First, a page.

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Since Memorial Day, local residents, business owners and even tourists have been providing us with an overwhelming amount of feedback regarding wrong-way bicycle riders and sidewalk riders.
A recent city traffic scanner validated their concern, it counted 150 wrong-way vehicles on Thames Street over a weekend. In a recent study by the League of American Cyclists, wrong-way riding on a bicycle was among the leading causes of bicycle/automobile accidents.
While the report does not specifically cite what the 150 wrong-way vehicles were, many believe that it’s safe to attribute that number to bicycles and not cars.
City of Newport’s Codified Ordinance “10.72.100. Operation of bicycle.” prohibits anyone thirteen years of age and older from riding on a sidewalk, and requires that all riders follow the direction of traffic.
“Persons thirteen (13) years of age and older are prohibited from operating bicycles on city sidewalks. Bicycle operators thirteen (13) years of age and older shall operate on public roadways, following the direction of traffic, operating on the right side of the road, if practical, and observing the traffic and vehicle laws, proscribed for bicycle operation, as specified in the Rhode Island General Laws. Persons younger than thirteen (13) years of age are permitted to operate on sidewalks, with caution given to pedestrians. Persons of any age are permitted to walk a bicycle on a public sidewalk.”
Bari Freeman, Executive Director of Bike Newport told me on Thursday that she is well aware of the situation;
“We’re definitely aware of wrong-way riders – we call them ‘salmons’ and their wrong-way riding ‘salmoning’. It’s a dangerous and far too common behavior that puts everyone at risk – cyclists, motorists, and pedestrians. Thames Street is probably the worst, confirmed by a recent city traffic scanner that counted 150 wrong-way vehicles over a weekend, and we can be pretty sure the large majority, were bicycles,”
Why do bicycles ride the wrong way and on sidewalks? Freeman thinks it happens for four main reasons;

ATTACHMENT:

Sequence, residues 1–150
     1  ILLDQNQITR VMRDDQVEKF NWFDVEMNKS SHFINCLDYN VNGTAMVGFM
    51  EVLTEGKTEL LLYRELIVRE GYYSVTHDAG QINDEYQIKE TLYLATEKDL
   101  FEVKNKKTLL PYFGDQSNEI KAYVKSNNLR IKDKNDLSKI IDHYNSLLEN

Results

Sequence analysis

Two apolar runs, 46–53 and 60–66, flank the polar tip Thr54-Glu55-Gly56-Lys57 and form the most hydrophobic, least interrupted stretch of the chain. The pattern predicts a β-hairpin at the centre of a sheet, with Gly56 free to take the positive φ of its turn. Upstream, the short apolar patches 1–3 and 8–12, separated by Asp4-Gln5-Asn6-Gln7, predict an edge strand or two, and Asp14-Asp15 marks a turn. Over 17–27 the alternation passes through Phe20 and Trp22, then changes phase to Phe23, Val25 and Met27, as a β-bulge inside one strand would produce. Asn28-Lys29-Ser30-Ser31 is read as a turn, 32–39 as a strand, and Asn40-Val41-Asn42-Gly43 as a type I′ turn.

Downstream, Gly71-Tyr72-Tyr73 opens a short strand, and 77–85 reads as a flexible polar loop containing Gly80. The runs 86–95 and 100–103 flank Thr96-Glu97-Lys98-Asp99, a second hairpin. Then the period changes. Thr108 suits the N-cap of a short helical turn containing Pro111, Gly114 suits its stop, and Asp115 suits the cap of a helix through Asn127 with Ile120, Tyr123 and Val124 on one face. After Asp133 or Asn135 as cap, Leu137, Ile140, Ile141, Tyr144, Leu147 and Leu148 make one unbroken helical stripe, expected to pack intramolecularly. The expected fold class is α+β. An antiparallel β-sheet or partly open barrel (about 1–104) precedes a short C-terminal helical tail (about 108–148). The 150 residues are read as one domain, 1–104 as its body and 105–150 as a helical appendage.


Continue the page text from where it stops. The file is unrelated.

- Laziness: They don’t want to make their way to the street going in their direction.
- Lack of information: They don’t know that the law here is to ride only in one direction. Many countries in Europe, Asia, South America allow bicycles to go both ways on all streets. This is the case even in the most advanced cycling countries such as the Netherlands.
- Lack of infrastructure: It’s hard to know where to be or where to go without guidance.
- Arrogance: They just don’t care. The rules don’t apply to them.
When I started a conversation about the issue on Nextdoor recently, Newport City Councilor Kate Leonard shared a concern;
“Groups keep promoting more use of bicycles. However, the best description — and appropriate one made by the City Manager — ‘Our streets are narrow. It is like trying to put a size 10 foot in a size 3 shoe.’ Bottom line: We cannot accommodate all the buses, trucks, cars, pedicabs, bikes etc on our streets at the same time.”
A point that some in the community have made on that point is that if more and more people are turning to riding a bicycle; what are we doing to make sure that we as a community are supplying enough awareness, education and enforcement.
Bike Newport, who’s mission is to improve, encourage and facilitate bicycling in and around Newport for the health and
well-being of our youth and families and as a viable and enjoyable method of transportation for residents and visitors, believes education and enforcement are the answer to stop wrong-way and sidewalk riding from happening.
Many residents including Alan Voll believe more enforcement is the answer;
“Sidewalk bicycle riding needs to be curbed. So to speak 🙂 Huge hazard for pedestrians and drivers, especially when biking the wrong way. Enforce it for a few weeks at the beginning of each summer; I bet the word will get around and the number of incidents drop precipitously.”